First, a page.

NOTE: Much of what is said about Bruno on this page can be found in Frances Yate's book on Bruno and the hermetic tradition.

Bruno's knowledge of Nostradamus firmly establishes him as one of the founding members of the Fraternity of the Rose Cross. For unknown reasons, Bruno withdrew from the Nostradamus project (code name Librum M) in late 1585 and then spent several years traveling across central Europe. Perhaps his mission was to procure books for the Rosicrucians in London and lay the foundations of Rosicrucianism on the continent, but his activities came to an abrupt end in 1592 when he was captured by the Inquisition. There's more about Bruno on the Fama Fraternitatis page.

The Inquisition's capture of Bruno in 1592 is suspected of being a factor leading to the Shakespeare authorship conspiracy. See In Search of the Real Shakespeare for more information.

Extraterrestrial Life

Giovanni Florio, an English linguist about whom we will have much to say later, worked for the French ambassador in London at that time (1584). He made strenuous efforts to remain quietly in the background and may have made only one public presentation in his entire life; Wikipedia: "Frances Yates relates the story of a lively dinner party at Whitehall Palace at which Florio translated to the assembled company, which included Sir Philip Sidney and Oxford professors, Bruno's theories about the possibility of life on other planets."

Cosmos: A Spacetime Odyssey, a recent remake of Carl Sagan's Cosmos, amply covers Giordano Bruno's life and his belief in the existence of other worlds. The show's host praises Bruno for his courage to retain his beliefs even when faced with a death sentence but then inexplicably belittles him: "his view of the universe was a lucky guess because he had no evidence to support it." This reminds me of a comment by the skeptic James Randi regarding Nostradamus: "occasionally he got lucky." In truth, there is a lot of evidence that Bruno and his Rosicrucian colleagues were in possession of the time travel travel memoirs of the Andean sky god, which, reportedly, were redacted on a glowing-in-the-dark material not of this Earth. Hence, there was no lucky guess, and the Inquisition is not likely to have killed Bruno merely for making guesses.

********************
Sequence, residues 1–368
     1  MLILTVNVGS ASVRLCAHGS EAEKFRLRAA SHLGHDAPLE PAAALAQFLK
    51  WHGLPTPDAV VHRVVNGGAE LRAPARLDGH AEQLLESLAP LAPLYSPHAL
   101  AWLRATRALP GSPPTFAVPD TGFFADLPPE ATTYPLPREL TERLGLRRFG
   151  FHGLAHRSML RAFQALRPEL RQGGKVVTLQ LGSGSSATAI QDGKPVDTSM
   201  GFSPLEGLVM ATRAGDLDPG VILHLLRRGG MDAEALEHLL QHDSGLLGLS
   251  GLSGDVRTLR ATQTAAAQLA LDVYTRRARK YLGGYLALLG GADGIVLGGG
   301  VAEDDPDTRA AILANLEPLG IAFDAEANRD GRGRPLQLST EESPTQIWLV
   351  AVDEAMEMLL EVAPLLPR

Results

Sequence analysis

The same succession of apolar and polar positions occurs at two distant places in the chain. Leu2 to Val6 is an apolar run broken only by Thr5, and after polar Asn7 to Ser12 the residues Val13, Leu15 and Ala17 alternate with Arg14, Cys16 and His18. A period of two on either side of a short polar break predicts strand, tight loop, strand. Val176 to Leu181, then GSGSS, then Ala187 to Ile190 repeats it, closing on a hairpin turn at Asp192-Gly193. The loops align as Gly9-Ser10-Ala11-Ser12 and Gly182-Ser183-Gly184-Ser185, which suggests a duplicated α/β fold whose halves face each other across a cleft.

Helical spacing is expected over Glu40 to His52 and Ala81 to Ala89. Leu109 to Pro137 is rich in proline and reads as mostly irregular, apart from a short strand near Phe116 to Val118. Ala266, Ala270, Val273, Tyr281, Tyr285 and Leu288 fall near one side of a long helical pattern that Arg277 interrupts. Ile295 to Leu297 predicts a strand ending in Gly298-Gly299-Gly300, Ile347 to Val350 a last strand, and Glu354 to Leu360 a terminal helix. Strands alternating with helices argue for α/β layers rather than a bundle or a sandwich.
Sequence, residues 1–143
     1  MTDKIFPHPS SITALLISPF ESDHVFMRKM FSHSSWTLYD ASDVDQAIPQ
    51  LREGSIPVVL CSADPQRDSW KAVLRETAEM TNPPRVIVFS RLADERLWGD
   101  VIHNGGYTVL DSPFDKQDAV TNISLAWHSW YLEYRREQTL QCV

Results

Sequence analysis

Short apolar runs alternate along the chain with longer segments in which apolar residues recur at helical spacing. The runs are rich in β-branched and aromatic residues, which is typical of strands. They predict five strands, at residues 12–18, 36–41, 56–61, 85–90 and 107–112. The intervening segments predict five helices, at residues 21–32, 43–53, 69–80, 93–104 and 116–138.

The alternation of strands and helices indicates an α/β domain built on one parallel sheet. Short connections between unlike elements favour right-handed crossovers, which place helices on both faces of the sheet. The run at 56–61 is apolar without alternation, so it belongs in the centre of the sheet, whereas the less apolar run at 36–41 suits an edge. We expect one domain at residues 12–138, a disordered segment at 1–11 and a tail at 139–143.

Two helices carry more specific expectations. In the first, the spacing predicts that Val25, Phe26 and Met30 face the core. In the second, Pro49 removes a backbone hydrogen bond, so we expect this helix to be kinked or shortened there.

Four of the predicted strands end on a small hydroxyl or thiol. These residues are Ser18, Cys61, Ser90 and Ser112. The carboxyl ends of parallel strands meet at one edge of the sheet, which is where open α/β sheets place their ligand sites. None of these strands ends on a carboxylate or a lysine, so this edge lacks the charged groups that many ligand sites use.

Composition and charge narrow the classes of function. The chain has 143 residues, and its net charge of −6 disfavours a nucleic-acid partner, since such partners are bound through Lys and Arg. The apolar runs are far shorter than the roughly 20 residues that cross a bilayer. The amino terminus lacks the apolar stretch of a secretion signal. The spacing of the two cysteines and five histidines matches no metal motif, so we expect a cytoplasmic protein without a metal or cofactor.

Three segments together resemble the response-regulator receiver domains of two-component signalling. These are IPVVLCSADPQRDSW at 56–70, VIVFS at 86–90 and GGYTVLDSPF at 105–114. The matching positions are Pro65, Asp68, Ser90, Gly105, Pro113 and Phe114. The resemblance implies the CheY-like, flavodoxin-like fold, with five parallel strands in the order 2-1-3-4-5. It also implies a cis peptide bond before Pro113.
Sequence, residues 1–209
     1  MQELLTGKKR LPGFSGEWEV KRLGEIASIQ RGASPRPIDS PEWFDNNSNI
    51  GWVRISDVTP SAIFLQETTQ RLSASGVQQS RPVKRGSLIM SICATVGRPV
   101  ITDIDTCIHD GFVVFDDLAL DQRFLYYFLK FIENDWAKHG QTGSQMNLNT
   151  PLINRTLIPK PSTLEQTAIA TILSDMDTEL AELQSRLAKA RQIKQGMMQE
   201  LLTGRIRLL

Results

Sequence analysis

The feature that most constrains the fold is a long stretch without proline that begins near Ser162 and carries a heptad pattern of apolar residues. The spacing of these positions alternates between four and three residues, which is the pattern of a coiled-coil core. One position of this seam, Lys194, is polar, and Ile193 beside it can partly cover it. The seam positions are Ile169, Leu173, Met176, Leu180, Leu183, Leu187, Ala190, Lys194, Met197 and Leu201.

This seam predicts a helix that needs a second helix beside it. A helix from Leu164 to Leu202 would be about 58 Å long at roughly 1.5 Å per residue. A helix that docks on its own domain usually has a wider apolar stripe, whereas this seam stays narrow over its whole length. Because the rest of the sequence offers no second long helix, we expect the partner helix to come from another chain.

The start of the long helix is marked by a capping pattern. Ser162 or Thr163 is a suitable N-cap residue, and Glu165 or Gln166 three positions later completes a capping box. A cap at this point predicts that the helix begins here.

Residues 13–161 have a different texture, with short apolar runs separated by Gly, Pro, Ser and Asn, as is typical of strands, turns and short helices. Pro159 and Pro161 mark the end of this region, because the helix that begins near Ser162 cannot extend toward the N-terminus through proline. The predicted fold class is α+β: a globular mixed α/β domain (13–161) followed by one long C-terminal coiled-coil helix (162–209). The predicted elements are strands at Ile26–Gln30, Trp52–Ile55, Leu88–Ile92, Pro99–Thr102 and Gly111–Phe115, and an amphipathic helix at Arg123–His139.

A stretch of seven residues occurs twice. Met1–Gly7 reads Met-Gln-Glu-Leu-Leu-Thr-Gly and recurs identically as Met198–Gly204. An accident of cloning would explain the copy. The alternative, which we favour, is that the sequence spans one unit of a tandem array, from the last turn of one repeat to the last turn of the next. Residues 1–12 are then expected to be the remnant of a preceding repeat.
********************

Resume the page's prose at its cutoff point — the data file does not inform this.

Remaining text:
"Frances Yates reports that Inquisition records on Bruno's trial were lost. Many sources indicate that Bruno's belief in extraterrestrial life was one reason, or the main reason, for his execution. But I know what the Rosicrucians knew, and I do not believe that for one second. Bruno was not killed because of his belief in extraterrestrial life. He was killed because of his belief in ancient astronauts. Indeed, this is why he metaphorically attributed authorship of the shining book to a flying horse: assuming that there was air between Earth and the planets, the only way you could reach Earth was to fly through that air." --Morten St. George

Fraternity of the Rose Cross

There can be no doubt about when and where the Rosicrucian Brotherhood was formed: Inside the French embassy, London, England, between late 1584 and late 1585. This is the only time and place that unite three of the four founders of the Brotherhood: Pedro Sarmiento de Gamboa (captured by Sir Walter Raleigh, intimate friend of the French ambassasor), Giordano Bruno (an associate of the French ambassador and live-in resident of the French embassy) and Giovanni Florio (personal assistant to the French ambassador), because Gamboa arrived in London in late 1584 and Bruno left in late 1585. Surely, Isaac Luria was also present, but it is believed that he died in the Holy Land a dozen years earlier so, unlike the others, there is no historical record of his whereabouts. We have only the cabalistic structure of the Nostradamus publication and the Rosicrucian manifestos to affirm Luria's presence in London.